All three readers come with Before Reading and After Reading vocabulary, grammar, speaking and writing development exercises as well as exam preparation activities. The readers are recorded in British English and all through the texts you will find discussion boxes which make your students reflect on the ideas presented in the story and use the newly read expressions in speaking. On e-zone, extra activities can be accessed using the code in the books. 

Interview with Martyn Hobbs

Martyn 2015 portrait
Martyn Hobbs

Helbling Readers Blog (HRB): What inspired you to write this new series?

I never need an excuse to write! But in this case, while I wanted to write a series of stories that were all connected, I also wanted to have variety, and write stories in different genres. Then I realised that time travel was the perfect vehicle. By sending Rose and Liam into the past and future, the stories could range from adventure to comedy, science fiction to mythology, and even, of course, to historical! They could be serious or scary, funny or sad. And because the stories are set in so many different times and places, it meant I had lots to think about and explore and discover. Beyond all that, I wanted to write the kind of stories that I enjoy reading – and that hopefully, other people would like, too!

HRB: Why do think time travel stories are so fascinating for all ages?

In time travel stories, we look at the past/future and the present at the same time. These stories show us our familiar world in a new light. It is filled with human beings and human activities – but we see them in a kind of distorting mirror. Some things are more or less the same, others are very different. And as we question what people did in the past, we inevitably think about how we live now. What are we getting right? What are we getting wrong? Have things got better… or are they worse?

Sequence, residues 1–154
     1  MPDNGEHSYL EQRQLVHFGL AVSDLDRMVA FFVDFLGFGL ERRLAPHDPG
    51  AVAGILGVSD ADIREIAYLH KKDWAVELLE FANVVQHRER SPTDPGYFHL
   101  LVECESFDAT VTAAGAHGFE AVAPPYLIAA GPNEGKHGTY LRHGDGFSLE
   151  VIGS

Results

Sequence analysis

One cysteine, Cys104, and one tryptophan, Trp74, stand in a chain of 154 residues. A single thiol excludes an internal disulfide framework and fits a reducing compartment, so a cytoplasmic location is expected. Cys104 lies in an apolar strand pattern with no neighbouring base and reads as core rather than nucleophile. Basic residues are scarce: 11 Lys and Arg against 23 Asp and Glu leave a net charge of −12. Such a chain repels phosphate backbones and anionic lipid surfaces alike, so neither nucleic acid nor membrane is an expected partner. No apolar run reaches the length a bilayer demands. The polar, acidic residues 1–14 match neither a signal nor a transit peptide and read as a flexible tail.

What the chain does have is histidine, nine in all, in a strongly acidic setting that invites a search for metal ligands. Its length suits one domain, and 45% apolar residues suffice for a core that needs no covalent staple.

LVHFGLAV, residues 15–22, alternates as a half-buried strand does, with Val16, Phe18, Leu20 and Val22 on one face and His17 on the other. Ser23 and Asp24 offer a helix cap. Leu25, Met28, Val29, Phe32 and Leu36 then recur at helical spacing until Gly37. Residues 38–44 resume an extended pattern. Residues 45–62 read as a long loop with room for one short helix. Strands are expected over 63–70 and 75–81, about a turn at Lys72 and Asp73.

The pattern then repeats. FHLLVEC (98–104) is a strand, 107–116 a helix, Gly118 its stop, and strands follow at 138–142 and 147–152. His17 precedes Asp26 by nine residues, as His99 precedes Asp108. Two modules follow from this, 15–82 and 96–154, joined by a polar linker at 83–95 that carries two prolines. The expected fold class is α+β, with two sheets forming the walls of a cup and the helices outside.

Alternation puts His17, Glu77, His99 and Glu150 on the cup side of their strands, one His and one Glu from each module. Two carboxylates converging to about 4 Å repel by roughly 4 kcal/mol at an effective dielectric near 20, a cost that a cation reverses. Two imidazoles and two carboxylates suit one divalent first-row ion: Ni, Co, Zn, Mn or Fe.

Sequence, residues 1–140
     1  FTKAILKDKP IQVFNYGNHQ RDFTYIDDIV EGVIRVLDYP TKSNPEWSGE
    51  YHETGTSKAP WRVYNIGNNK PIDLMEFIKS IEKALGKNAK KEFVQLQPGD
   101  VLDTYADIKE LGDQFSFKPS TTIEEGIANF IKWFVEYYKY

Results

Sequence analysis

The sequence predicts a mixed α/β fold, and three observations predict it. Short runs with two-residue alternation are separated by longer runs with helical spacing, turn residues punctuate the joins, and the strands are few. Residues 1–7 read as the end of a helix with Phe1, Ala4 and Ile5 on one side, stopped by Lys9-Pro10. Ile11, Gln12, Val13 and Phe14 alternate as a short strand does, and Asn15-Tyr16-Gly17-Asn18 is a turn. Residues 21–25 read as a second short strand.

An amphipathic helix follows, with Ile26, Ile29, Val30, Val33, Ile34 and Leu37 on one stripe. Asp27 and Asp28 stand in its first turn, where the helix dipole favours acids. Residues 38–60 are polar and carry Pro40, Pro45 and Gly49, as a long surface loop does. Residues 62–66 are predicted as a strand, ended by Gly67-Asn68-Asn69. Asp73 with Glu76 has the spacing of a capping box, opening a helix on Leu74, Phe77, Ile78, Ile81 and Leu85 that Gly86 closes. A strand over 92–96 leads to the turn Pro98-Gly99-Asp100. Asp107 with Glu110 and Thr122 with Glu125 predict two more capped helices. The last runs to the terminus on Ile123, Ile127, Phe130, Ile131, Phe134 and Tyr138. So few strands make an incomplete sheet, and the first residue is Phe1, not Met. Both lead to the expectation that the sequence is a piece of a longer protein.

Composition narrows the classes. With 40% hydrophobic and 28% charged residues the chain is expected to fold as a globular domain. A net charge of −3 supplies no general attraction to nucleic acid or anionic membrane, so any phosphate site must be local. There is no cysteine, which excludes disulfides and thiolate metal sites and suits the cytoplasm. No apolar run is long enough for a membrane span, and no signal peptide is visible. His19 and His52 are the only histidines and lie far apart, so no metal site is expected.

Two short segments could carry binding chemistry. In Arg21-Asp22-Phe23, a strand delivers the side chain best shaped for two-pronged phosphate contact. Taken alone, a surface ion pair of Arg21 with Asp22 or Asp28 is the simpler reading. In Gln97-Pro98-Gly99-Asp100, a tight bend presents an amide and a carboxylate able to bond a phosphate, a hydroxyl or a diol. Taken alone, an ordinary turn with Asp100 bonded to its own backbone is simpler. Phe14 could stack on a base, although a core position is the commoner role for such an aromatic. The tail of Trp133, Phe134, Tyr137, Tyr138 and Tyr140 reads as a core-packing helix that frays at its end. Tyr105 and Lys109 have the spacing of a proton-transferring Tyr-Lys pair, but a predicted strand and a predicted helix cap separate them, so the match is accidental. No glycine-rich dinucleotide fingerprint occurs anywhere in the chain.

HRB: Why did you call the series the Time Detectives?

At the beginning of every story, Liam and Rose arrive in an entirely new unknown situation. They have to discover where they are, when they are, who the other people are and what they want. And to find out the answers to these questions, they have to look for clues and evaluate them. And something I find fascinating is that readers, you and me, are in exactly the same situation whenever we start reading a new story and enter a writer’s created world. To understand what is happening, we have to ask and answer the same questions! By the way, if I start reading Treasure Island by Robert Louis Stevenson, then I’m instantly taken back to the eighteenth century, to The Admiral Benbow Inn, and introduced to pirates and Long John Silver. If that isn’t time travel, what is?

HRB: What are your favourite examples of time travel in literature?

A short story and a novel come immediately to mind A Sound of Thunder by Ray Bradbury was one of the first science fiction stories I ever read and shows the impact the smallest of events can have on the future. A time travel company offers holidays in the past. A man chooses to go back to the age of the dinosaurs. But in the distant past he accidentally kills a butterfly. When he returns to his own time, he discovers frightening changes in  the world around him. The novel which I return to again and again is Orlando by Virginia Woolf. Born into the sixteenth century of Queen Elizabeth the First, Orlando lives through many changes over the following centuries, up until the stroke of midnight 11 October 1928, the precise moment when Virginia Woolf’s novel was published. And outside of literature, let’s not forget the ever-inventive TV series Doctor Who!

HRB: Which decade or year would you like to go back to in time?

It’s a summer afternoon in 1599. I’ve just crossed the crowded River Thames by boat to the south bank, and now I’m walking up to a big new octagonal building. Above it, a flag is flying which shows the god Atlas holding up the world. After paying a penny at the door, I’ll soon be standing inside with the bright blue sky overhead, looking up at the stage. Then the play Twelfth Night by William Shakespeare will begin. He might even be acting in it! And just as I have travelled through time and space to get here, so over the next few hours the play will transport me to… Where? When? A boy actor dressed as a woman and a sea captain will soon explain. \

Viola What country is this, friends?
Captain It is Illyria, madam.

When we read, when we watch films and plays, we are all time travellers!

HRB: Thank you for the interview, Martyn!